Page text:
History of contract bridge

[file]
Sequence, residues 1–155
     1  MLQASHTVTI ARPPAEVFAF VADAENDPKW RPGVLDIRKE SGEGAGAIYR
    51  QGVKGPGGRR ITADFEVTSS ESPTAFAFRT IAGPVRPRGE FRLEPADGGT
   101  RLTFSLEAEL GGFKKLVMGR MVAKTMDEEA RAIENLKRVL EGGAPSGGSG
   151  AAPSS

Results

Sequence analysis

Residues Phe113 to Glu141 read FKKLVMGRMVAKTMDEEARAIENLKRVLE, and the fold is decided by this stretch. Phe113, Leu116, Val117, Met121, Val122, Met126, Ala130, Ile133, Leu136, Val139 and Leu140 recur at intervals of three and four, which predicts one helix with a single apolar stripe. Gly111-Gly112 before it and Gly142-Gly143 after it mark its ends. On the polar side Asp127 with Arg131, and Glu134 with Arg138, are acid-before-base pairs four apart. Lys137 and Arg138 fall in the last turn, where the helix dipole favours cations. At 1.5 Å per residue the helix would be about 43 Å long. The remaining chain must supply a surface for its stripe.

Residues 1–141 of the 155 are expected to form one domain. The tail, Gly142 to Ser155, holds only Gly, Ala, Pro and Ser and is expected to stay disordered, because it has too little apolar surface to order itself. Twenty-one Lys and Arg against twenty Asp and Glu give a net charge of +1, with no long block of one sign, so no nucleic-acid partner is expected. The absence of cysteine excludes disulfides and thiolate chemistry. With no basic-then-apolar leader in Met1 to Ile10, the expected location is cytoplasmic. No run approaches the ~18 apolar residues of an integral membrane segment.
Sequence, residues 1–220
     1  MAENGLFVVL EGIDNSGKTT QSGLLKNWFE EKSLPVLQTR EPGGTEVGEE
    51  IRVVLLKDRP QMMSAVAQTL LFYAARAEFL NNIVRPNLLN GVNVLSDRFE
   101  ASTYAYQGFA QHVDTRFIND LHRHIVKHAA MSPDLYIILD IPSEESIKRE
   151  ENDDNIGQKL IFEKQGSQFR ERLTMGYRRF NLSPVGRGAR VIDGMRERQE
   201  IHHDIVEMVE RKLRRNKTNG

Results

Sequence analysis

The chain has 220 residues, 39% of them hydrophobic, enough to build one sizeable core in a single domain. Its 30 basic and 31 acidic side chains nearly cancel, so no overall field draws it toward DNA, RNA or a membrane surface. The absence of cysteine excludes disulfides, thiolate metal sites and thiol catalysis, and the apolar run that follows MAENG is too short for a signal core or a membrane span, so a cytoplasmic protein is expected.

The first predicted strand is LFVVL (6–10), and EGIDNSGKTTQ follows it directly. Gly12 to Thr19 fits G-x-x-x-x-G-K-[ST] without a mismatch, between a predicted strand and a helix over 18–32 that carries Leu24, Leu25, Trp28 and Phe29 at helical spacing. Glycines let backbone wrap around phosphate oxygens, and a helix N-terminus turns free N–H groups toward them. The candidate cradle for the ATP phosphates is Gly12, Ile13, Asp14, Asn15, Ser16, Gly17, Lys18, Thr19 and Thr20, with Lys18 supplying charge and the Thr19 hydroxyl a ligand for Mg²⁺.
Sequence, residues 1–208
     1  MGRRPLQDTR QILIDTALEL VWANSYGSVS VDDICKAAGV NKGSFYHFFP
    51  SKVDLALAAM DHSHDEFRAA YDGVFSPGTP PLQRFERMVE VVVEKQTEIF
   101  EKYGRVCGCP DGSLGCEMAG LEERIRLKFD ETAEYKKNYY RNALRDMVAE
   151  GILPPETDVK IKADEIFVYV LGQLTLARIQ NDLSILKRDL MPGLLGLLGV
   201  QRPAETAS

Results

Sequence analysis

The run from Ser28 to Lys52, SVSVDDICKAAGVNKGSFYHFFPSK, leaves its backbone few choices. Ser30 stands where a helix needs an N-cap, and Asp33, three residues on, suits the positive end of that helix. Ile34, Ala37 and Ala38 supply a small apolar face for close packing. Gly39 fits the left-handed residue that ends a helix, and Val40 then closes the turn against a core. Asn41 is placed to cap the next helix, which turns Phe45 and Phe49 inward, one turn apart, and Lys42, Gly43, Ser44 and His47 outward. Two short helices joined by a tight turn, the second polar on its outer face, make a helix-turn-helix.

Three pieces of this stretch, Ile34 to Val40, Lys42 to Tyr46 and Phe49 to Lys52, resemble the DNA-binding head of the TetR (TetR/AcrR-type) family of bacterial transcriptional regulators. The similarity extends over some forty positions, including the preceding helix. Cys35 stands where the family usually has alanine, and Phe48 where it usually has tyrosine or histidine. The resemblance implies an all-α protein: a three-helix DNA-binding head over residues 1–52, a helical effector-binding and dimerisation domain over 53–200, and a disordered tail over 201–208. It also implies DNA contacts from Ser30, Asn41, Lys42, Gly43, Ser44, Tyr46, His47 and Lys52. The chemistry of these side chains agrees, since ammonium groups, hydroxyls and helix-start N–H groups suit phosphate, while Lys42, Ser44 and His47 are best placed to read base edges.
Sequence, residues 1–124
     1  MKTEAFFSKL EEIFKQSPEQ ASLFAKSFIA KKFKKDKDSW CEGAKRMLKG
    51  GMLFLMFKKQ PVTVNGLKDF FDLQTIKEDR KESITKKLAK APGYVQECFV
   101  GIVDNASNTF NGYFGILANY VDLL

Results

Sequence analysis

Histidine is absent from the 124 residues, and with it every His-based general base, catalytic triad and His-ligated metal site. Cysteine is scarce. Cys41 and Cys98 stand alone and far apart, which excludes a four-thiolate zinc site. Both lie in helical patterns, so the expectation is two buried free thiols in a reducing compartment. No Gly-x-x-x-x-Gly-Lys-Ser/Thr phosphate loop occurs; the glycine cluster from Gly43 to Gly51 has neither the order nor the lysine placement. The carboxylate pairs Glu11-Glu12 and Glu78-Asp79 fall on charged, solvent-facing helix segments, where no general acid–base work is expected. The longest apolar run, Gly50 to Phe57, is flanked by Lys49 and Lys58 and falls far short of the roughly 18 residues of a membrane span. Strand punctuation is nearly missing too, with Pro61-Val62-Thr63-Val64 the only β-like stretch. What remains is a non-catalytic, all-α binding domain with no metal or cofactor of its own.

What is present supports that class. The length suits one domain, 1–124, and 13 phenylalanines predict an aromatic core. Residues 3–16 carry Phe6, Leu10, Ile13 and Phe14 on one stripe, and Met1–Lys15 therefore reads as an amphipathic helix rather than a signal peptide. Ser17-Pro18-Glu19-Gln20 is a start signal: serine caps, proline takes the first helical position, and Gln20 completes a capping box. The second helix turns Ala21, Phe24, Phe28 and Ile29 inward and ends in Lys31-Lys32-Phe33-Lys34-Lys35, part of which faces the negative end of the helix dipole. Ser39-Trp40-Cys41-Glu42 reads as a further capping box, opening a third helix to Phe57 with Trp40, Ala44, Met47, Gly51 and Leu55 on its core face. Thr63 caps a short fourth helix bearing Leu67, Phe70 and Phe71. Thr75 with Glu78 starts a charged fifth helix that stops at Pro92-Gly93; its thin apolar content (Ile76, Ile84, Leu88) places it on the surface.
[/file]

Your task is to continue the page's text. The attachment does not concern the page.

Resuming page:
Bridge is a member of the family of trick-taking games and is a development of Whist, which had become the dominant such game enjoying a loyal following for centuries. According to the Oxford English Dictionary, Bridge is the English pronunciation of a game called Biritch, which was also known as Russian Whist. The oldest known Biritch rule book[20] dated 1886 is by John Collinson. It and his subsequent letter to The Saturday Review dated May 28, 1906, document the origin of Biritch as from the Russian community in Constantinople[21] and having some features in common with Solo Whist. The game had many significant bridge-like developments: dealer chose the trump suit, or nominated his partner to do so; there was a call of notrumps (biritch); dealer's partner's hand became dummy; points were scored above and below the line; game was 3NT, 4H and 5D (although 8 club odd tricks and 15 spade odd tricks were needed); the score could be doubled and redoubled; and there were slam bonuses. This game, and variants of it known as bridge[22] and bridge-whist,[23] became popular in the United States and the UK in the 1890s despite the long-established dominance of whist.[24] In 1904 auction bridge was developed, in which the players bid in a competitive auction to decide the contract and declarer. The object became to make at least as many tricks as were contracted for and penalties were introduced for failing to do so. The modern game of contract bridge was the result of innovations to the scoring of auction bridge made by Harold Stirling Vanderbilt and others. The most significant change was that only the tricks contracted for were scored below the line toward game or a slam bonus, a change that resulted in bidding becoming much more challenging and interest ng. Also new was the concept of vulnerability, making sacrifices to protect the lead in a rubber more expensive, and the various scores were adjusted to produce a more balanced game. Vanderbilt set out his rules in 1925, and within a few years contract bridge had so supplanted other forms of the game that "bridge" became synonymous with "contract bridge." In the USA, most of the bridge played today is duplicate bridge, which is played at clubs, in tournaments [4] and online [5]. In the UK, rubber bridge is still popular in both homes and clubs, as is duplicate bridge. The number of people playing contract bridge has declined since its peak in 1940s, when a survey found it was played in 44% of US households. The game is still played, especially amongst retirees, and in 2005 the ACBL estimated there were 25 million players in the US. A trick-taking game is a card game or tile-based game in which play of a "hand" centers on a series of finite rounds or units of play, called tricks, which are each evaluated to determine a winner or "taker" of that trick. The object of such games then may be closely tied to the number of tricks taken, as in plain-trick games such as Whist, Contract Bridge, Spades, Napoleon, Rowboat, and Spoil Five, or on the value of the cards contained in taken tricks, as in point-trick games such as Pinochle, the Tarot family, Rook, All Fours, Manille, Briscola, and most "evasion" games like Hearts.[1] The domino game Texas 42 is an example of a trick-taking game that is not a card game. Trick-and-draw games are trick-taking games in which the players can fill up their hands after each trick. Typically players are free to play any card into a trick in the first phase of the game, but must follow suit as soon as the score is depleted.